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Wednesday, August 16, 2006

Art and the 21st Century

[ L.A. artist Joel Pelletier wrote the following essay in 2004, and we reprint it here with his kind permission. ]

What is Art (with a capitol "A") and the Artist in this 21st Century? Jacques Barzun (in "From Dawn to Decadence") suggests that the Western culture has run its course. There's nothing left, and the proof is that Art today is all recycle and homage. No new ideas anymore.

I fear he may be right. 500 years was a pretty good run...

But is an artist only someone who thinks up something new? Is "new," unique," "different" or "cutting edge" all that matters? Maybe that's the trap Art fell into in the 20th Century; faster and faster rule breaking, burning through genres, techniques and scandals in a desperate Blitzkrieg of "newness" until there was nothing new left. J.S. Bach was dogged by this most of his life, and was only resurrected as a master decades after his death (during his lifetime his sons were considered the great ones, and he an old fashioned stick-in-the-mud).

Then there's the whole career/success/money thing. Can I call myself an artist if I don't pay the bills with my art? Amateur artists used to be thought of in high regard, but we're in America, and successful people are rich people (even if they don't admit to being rich - ever tried to raise a family on $500k/yr?). At the risk of admitting I've seen Howard Stern on cable a few times, I once heard him remark to a woman that her 40-something boyfriend must be a loser because he has not made a name for himself in his field. Rely on Howard to express the consensus of today's society.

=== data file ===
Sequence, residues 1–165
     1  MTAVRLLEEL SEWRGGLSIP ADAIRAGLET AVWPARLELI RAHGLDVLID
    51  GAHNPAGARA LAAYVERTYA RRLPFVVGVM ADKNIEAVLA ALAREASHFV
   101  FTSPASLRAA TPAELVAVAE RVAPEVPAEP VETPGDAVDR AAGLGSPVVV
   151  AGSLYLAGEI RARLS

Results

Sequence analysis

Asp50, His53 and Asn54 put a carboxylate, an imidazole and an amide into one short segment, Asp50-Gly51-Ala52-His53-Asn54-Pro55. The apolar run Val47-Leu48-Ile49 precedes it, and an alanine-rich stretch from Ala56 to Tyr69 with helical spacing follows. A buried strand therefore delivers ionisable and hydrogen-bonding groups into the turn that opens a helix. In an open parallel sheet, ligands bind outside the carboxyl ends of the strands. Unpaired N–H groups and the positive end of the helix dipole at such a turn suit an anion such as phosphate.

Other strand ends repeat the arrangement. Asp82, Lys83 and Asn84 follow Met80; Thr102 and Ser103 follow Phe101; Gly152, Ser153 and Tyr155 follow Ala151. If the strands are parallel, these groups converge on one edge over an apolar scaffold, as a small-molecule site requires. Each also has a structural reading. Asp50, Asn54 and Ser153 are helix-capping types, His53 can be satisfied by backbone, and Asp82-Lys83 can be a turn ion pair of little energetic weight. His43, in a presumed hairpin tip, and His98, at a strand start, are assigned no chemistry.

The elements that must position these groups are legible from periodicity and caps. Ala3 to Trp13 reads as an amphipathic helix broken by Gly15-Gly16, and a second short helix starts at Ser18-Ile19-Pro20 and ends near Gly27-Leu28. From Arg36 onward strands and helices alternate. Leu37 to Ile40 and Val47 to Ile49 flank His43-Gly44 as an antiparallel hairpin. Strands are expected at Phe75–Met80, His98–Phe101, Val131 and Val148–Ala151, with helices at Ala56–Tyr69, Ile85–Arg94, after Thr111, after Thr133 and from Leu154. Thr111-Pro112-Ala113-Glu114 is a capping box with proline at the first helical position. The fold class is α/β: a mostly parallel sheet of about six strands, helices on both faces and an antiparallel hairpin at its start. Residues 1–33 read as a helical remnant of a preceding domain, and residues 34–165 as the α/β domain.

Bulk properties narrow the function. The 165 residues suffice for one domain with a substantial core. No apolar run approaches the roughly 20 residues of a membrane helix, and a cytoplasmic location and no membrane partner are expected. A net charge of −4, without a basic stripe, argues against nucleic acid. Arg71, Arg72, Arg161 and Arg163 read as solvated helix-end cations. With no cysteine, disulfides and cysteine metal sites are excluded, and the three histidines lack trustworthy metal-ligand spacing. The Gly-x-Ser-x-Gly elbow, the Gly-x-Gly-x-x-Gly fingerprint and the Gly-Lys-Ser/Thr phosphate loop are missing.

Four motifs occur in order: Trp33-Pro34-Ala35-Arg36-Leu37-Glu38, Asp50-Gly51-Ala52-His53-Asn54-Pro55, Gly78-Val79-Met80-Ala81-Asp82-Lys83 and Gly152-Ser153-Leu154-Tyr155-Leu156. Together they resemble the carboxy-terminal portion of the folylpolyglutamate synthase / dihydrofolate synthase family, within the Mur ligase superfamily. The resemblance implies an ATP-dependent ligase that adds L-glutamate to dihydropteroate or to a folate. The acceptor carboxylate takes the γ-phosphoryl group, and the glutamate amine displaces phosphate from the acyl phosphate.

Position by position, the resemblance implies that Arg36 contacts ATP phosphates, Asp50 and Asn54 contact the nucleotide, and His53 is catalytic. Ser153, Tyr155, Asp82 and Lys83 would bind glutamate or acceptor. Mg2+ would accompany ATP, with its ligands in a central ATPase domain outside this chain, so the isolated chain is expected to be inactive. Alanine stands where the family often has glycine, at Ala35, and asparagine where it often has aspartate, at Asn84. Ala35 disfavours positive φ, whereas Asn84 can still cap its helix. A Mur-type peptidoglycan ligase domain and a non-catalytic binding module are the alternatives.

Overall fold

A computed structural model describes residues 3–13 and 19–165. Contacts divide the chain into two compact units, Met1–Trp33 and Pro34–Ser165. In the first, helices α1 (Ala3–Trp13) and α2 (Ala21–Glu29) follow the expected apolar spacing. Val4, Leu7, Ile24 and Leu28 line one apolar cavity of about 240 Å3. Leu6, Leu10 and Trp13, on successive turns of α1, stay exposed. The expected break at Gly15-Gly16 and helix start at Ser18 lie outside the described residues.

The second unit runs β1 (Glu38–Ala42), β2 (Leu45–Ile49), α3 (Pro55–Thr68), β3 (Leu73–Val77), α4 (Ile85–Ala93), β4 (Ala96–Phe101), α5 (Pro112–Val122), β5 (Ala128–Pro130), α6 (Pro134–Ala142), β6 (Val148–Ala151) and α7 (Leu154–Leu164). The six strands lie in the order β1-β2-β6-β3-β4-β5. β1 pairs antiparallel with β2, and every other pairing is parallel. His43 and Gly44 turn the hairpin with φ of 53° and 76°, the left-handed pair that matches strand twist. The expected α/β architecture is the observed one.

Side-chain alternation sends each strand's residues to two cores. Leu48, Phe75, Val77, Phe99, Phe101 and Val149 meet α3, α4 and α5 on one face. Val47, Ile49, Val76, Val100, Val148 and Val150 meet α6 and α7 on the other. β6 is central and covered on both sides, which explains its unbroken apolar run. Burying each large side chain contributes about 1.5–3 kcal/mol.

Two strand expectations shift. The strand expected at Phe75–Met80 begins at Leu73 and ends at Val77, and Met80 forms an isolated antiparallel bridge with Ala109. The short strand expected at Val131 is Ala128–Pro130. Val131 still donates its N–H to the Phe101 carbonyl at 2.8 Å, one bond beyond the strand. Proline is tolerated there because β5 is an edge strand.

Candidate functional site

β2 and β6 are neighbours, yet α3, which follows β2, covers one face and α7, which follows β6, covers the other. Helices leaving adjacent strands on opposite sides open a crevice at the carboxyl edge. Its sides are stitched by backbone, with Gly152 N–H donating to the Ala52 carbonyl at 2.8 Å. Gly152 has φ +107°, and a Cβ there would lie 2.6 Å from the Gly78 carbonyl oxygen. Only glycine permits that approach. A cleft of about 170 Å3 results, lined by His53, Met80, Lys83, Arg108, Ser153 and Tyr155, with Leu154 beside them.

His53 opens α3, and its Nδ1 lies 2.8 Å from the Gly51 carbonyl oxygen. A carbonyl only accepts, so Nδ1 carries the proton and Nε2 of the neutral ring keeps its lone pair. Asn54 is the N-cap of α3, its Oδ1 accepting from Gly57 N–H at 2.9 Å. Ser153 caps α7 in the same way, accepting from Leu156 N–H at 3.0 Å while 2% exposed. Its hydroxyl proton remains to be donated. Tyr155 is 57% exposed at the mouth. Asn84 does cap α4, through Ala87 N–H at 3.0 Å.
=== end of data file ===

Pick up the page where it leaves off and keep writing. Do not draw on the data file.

I'm inclined to think that Art is a verb, not a noun. The act of creating is just that. The first spark of an idea, the working out of the structure and tone, strategizing the executing of the piece, to the actual creation and culmination - all of this is ACTION (so much so that, for me, the final creation of the piece is the most laborious and least interesting). The final physical work is simply the byproduct of the Artist's efforts. The design folks on HGTV who regularly create "art" for peoples walls' (other than their own, mind you) do as much to debase the term as any of the avant-guard deconstructionists of the latter 20th Century. Like the word "genius," which really should be reserved for a handful per century (like Einstein or Stravinsky). Art is something that comes from obsession, individuality and necessity. It's not about making something new, but about seeing something old in a new way, and working out the best way to communicate this in the way that is most truthful to the Artist.

And if everyone is a unique combination of experiences, then real truth guarantees uniqueness. The completed work is just "product" to the Art world, something to buy and sell. Maybe this is what keeps me from churning out "stuff." I really don't want any part of that. I just want to keep making things, which continue to help me understand a bit more about who I really am.

Or, I want to understand just exactly who (or what) I am, so I continue to make "stuff." It's just that, for me, stuff can be anything - a song, a painting, a house, a car. That's my "Art." The act of planning and creating a carport, or overcoming the technical and aesthetic challenges of a Hindemith sonata, force me to make choices and overcome challenges. In doing so I find out a bit more about myself. Put any term or title on me you want. What I am is what I do. I make things.